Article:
To Hill’s point, investors have historically purchased water and power utilities as long-term holdings for their dividend income and stability. While this still holds true, the trend towards clean energy along with friendly legislation and heightened investments in renewable energy resources has some analysts predicting strong growth for the utilities industry over the next decade.

Water, wastewater, and reuse system assets that can boost a fund’s environmental, social and governance (ESG) ratings are proving attractive. S&P Global Market Intelligence report released in April of 2021 revealed that ESG funds outperformed the S&P 500 between March 2020 and March 2021. In 2020, flows into sustainable investment funds in the U.S. achieved a nearly 10-fold increase from 2018, surpassing $51 billion.

Investors are interested in publicly traded water utilities because they have more potential to expand customer count than other utilities while producing steady returns.

“When looking at the whole picture, it is not surprising that many water utilities actually jumped 10 to 15 percentage points in value during the first quarter of 2020, coinciding with the onset of the pandemic. This was a classic ‘flight to quality’ or safety, as water has always had reasonably stable demand,” added Hill. “Now, water utilities are trading at their pre-pandemic values, and have seen little volatility over the last 18 months.”

As described in the following sections, utility privatization, public-private partnerships (P3), and consolidation offer water and wastewater systems different benefits, but there are key differences between these strategies that stakeholders should understand before moving forward.


Privatization is when a government-owned property or business becomes privately owned. The current low interest rate environment will likely encourage increased privatization of assets as investors acquire them at low cost. When a public utility considers changing to become privately owned and managed, there are three key groups that will have to be convinced in order to ensure a deal goes through: policymakers, community members, and the press. These groups have the power to make or break a deal, so it’s critical to address their questions and concerns.

Utilities, their investors, and their partners should arrange public meetings with community members, prepare clear messaging about their proposal, and be prepared to make necessary changes.  Most importantly, they need to listen to the customers. If utility customers are saying they value public utilities and have no desire for privatization, that carries a lot of weight. Elected officials will want to keep their constituents happy.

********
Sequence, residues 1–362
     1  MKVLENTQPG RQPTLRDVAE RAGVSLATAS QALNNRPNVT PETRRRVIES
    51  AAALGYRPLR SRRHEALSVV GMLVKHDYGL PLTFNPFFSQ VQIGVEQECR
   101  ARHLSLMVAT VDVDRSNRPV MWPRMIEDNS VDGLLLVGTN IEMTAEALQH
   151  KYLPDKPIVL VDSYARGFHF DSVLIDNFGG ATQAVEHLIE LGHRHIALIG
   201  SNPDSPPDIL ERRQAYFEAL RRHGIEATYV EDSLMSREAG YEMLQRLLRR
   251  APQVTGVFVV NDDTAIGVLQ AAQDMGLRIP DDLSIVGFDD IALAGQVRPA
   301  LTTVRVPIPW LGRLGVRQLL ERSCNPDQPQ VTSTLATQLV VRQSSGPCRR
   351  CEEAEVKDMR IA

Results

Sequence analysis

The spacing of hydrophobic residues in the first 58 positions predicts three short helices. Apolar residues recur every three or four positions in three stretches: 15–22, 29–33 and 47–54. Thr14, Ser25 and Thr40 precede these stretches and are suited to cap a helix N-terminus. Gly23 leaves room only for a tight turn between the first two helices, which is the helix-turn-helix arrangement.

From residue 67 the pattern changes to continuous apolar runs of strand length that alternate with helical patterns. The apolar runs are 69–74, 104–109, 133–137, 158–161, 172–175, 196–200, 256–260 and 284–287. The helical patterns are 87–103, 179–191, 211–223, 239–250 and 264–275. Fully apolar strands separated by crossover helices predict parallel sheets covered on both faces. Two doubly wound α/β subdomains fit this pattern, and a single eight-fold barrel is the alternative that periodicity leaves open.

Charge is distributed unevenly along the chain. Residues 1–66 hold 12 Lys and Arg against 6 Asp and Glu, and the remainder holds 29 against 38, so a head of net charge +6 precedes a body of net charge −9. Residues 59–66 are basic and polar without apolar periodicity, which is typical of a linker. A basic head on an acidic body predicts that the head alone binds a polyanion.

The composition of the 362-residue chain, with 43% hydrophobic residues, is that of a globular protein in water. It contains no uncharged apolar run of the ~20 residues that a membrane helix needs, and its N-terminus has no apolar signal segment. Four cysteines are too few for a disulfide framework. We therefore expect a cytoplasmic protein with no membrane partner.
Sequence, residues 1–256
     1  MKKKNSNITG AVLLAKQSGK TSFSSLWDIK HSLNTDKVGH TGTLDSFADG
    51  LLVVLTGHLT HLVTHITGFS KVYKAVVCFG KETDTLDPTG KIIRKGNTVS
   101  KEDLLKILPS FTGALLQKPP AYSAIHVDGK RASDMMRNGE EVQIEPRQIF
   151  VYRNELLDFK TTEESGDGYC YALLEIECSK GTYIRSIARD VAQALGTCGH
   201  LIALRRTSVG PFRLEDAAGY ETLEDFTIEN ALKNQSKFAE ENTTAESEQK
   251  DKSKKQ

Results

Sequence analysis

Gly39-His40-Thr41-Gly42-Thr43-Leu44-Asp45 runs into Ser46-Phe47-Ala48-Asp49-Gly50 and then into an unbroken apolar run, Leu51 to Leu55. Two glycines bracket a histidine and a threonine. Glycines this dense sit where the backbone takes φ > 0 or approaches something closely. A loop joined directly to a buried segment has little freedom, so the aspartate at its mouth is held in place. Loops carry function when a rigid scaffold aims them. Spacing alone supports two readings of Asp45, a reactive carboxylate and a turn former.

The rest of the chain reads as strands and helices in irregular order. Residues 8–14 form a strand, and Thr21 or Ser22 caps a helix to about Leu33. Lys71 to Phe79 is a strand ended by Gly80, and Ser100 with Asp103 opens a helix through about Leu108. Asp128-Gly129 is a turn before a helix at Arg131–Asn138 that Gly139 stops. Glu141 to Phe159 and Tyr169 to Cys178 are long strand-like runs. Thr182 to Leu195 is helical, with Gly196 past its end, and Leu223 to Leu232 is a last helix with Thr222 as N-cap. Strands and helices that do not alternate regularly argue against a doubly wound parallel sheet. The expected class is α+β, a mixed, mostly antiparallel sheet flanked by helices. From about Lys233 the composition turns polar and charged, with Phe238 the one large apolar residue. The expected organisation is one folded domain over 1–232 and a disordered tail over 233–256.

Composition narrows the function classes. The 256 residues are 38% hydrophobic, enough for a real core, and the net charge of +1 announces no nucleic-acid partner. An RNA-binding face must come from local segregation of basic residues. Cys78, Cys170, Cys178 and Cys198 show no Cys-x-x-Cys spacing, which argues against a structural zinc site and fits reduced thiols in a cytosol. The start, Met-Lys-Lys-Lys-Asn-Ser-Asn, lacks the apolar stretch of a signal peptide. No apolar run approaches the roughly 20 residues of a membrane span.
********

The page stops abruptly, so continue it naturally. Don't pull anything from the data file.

Public-Private Partnerships

Governments can also work in tandem with the private sector via public-private partnerships (P3’s) for potential cost savings. P3’s involve cooperation between the public and private sectors in one or more areas of the design, development, construction, operation, ownership or financing of infrastructure assets, or in the provision of services.

According to a report from the Reason Foundation, the City of Tampa was able to save $85 million on a 15-year water public-private partnership, and also saved 50% on a 30-year deal for its desalination plant by tapping the private sector instead of using in-house service. The report also cites Seattle as another example of privatization cost reductions, where the city was able to save a combined $120 million on separate projects by not using in-house services.


Consolidation of utilities involves combining assets, liabilities, and other financial items of two or more entities into one. The different types of consolidation include:

  • Direct Acquisition: Higher-capacity utility acquires the assets, operations, and customers of another system and absorbs them into its existing governance, operational, and financial frameworks.
  • Joint Merger: Two or more relatively equal partners both adjust governance, operations, and financial frameworks to create a new entity that is owned and controlled by the previously separate parties.
  • Balanced Merger: Two or more entities consolidate with the goal of establishing a governance structure that provides a basis for at least some direct participation by the pre-existing utility in future decision-making.
  • Regional Agreements: Do not combine legal entities, but rather, pool utility resources, buying power, and technical expertise to do more across a wider area than a single utility could do alone.

As an example, the City of Raleigh merged seven local utilities into a full-service regional water and wastewater provider, serving 570,000 people over a 299-square mile service area. The consolidation resulted in the creation of lower regional uniform rates, reduced operational and maintenance costs, improved efficiencies in water and wastewater asset investment, and access to lower cost capital. Overall, the consolidation of these systems is estimated to have saved the region an aggregate of approximately $350 million.

Successful Mergers and Acquisitions

If a water or wastewater system undergoes a merger or is purchased, there are certain things they should know to ensure they receive the best deal while protecting customers.

Build a strong team

Going through an M&A process alone is not advisable. At minimum, utilities should have a business attorney, a Certified Public Accountant (CPA), a Certified Financial Planner™ (CFP®), and an industry consultant to protect their interests during the transaction.

Clearly define goals

With their team of advisors, utilities should determine what they want out of achieve with private equity partners or consolidation. Whether the current owner/operator is moving on completely or merging with nearby facilities, the level of involvement post-transaction will help determine the right private equity firm and avoid regrets down the line.

Know what the utility is actually worth

Understanding a utility’s true value helps in framing negotiations and setting realistic expectations; a reputable advisor should be present to help with this process.

Understand earnouts

Buyers will sometimes offer the seller an “earnout,” or contingent payments, which is money set aside until certain performance targets are achieved by the seller; careful consideration should be given to earnouts because some contingencies can quickly turn into golden handcuffs.

Between the nation’s growing population and rapid urbanization, the need to identify and create new water sources continues to grow. This will continue to drive the private sector’s interest in the water and wastewater treatment market, particularly because water utilities are viewed as low-risk investments with consistent demand. Ultimately, privatization and consolidation of water assets can offer communities and investors improved efficiency, financial stability and greater sustainability